Infectious complications after autologous CD34-selected peripheral blood stem cell transplantation

Fulvio Crippa, Leona Holmberg, Rachel A. Carter, Heather Hooper, Kieren A. Marr, William Bensinger, Thomas Chauncey, Lawrence Corey, Michael Boeckh

Research output: Contribution to journalArticlepeer-review

77 Scopus citations


CD34 selection of peripheral hematopoietic blood stem cell products has been applied to reduce the risk of relapse after an autologous transplantation. However, CD34 selection is also associated with a significant reduction in T-cells, natural killer cells, and monocytes, and these reductions may influence immune reconstitution and thus increase the risk for infections. An increased incidence of cytomegalovirus (CMV) disease in patients receiving CD34-selected transplants has been reported. In this study, the incidence rate of infections other than CMV is reported in 32 patients who underwent myeloablative therapy followed by the infusion of CD34-selected autologous peripheral blood stem cells (PBSC) and compared to the rate in a contemporaneous group of 273 patients who received unselected autologous PBSC during the same time period. Infection surveillance and prevention strategies were identical between the 2 groups. More non-CMV infections occurred in the recipients of CD34-selected PBSC than in recipients of unselected PBSC (78% versus 30%, P < .0001). The differences in the rates of viral infections were mainly due to dermatomal and disseminated varicella-zoster virus (VZV) (any VZV, 26% versus 4%, P = .002; disseminated VZV, 11% versus 0.3%, P = .03) and parainfluenza 3 virus infections (13% versus 3%, P = .04). Bacterial infections were also more common among CD34-selected PBSC transplant recipients (34% versus 16%, P = .01), whereas fungal infections were not significantly different between the groups. In multivariable logistic regression models, the effect of CD34 selection on infection risk remained significant for viral infections and overall non-CMV infections. Infection-related mortality was not significantly different between the groups. In conclusion, the incidence of viral and bacterial infections appears to be increased in recipients of CD34-selected autologous PBSC transplants. Because the risk for infections approaches that seen in allogeneic transplant recipients, infection surveillance, diagnostic work-up, and prevention strategies similar to those used in allogeneic recipients are warranted.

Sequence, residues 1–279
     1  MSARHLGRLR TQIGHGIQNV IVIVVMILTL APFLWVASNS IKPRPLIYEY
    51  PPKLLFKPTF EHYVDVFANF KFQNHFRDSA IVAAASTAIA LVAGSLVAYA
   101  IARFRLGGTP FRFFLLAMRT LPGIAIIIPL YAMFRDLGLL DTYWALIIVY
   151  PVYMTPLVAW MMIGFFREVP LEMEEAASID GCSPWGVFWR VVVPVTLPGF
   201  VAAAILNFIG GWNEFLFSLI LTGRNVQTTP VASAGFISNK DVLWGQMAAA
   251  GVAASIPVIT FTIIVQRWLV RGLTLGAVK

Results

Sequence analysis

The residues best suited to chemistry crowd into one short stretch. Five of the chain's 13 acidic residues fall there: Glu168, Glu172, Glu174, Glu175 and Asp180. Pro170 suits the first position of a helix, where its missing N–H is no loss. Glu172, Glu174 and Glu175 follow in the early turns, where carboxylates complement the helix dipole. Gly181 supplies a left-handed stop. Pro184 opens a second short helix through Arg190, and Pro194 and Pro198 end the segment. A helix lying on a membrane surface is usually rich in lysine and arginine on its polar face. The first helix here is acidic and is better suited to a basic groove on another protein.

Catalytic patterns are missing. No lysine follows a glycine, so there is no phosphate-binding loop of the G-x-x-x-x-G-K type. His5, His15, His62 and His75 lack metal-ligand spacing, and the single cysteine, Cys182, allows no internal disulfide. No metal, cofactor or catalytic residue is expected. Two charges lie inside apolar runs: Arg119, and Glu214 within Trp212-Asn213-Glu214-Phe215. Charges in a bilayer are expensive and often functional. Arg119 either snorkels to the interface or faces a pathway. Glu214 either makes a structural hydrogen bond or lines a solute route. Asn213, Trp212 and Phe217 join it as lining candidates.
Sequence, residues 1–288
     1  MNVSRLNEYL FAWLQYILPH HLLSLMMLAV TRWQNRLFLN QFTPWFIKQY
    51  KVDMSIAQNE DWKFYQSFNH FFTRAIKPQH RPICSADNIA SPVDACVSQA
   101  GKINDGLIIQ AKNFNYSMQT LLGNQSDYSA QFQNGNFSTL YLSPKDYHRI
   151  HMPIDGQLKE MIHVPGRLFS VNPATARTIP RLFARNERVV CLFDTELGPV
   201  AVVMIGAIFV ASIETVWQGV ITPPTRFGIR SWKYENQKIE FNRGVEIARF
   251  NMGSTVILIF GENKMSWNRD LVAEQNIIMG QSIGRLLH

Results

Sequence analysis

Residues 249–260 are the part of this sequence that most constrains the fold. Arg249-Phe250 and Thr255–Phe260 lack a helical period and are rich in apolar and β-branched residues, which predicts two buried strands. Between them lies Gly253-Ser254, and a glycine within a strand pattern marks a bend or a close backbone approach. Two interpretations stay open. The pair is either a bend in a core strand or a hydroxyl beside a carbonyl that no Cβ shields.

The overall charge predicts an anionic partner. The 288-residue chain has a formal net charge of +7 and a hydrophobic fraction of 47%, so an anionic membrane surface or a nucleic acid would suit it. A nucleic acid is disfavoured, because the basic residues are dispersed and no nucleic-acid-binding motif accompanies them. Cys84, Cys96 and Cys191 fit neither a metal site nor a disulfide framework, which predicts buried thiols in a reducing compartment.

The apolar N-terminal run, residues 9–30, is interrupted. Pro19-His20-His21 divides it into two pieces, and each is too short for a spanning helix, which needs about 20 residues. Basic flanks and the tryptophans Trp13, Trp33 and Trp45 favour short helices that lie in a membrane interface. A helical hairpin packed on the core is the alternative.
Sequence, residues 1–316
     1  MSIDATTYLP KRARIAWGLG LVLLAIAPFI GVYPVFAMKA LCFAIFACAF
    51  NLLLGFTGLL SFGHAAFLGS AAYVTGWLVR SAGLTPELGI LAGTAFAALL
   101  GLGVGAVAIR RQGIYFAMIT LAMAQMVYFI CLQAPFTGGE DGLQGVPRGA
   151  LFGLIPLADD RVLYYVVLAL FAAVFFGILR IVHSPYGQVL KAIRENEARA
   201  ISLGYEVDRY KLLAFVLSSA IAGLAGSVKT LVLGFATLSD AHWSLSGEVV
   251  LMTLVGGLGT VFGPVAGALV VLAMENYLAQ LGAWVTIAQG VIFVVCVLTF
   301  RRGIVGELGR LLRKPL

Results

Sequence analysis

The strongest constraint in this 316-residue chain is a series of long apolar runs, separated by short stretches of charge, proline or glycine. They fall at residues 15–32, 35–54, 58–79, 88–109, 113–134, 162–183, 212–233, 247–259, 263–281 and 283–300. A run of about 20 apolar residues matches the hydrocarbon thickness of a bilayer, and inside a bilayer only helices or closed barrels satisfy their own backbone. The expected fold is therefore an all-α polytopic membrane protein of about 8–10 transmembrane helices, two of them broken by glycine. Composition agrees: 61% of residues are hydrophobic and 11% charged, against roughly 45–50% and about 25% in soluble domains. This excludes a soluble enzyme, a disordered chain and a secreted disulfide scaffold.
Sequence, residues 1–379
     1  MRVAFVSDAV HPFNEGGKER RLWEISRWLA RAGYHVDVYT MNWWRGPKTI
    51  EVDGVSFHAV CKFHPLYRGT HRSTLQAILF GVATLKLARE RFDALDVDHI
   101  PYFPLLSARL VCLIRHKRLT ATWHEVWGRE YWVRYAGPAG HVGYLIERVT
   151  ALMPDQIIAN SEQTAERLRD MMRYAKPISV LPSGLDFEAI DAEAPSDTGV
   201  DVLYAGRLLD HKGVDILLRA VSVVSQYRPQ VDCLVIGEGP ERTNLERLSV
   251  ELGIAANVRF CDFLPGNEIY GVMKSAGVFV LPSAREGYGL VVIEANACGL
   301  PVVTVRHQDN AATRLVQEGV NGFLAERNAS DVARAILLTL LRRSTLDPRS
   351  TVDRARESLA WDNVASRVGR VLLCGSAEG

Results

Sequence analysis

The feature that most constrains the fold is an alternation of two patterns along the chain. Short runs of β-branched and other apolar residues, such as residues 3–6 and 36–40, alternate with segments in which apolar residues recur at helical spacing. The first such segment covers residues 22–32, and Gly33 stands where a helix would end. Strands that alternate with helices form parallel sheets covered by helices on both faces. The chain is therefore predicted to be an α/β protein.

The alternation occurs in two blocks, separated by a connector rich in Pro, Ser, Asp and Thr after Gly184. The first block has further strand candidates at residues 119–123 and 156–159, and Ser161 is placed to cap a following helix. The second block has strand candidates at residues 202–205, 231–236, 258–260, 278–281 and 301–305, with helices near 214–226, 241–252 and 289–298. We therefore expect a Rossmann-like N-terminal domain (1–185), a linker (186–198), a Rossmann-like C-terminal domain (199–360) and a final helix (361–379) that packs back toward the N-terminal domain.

Original languageEnglish (US)
Pages (from-to)281-289
Number of pages9
JournalBiology of Blood and Marrow Transplantation
Issue number5
StatePublished - 2002
Externally publishedYes


  • Autologous
  • CD34 selection
  • Infections
  • PBSC transplantation

ASJC Scopus subject areas

  • Hematology
  • Transplantation


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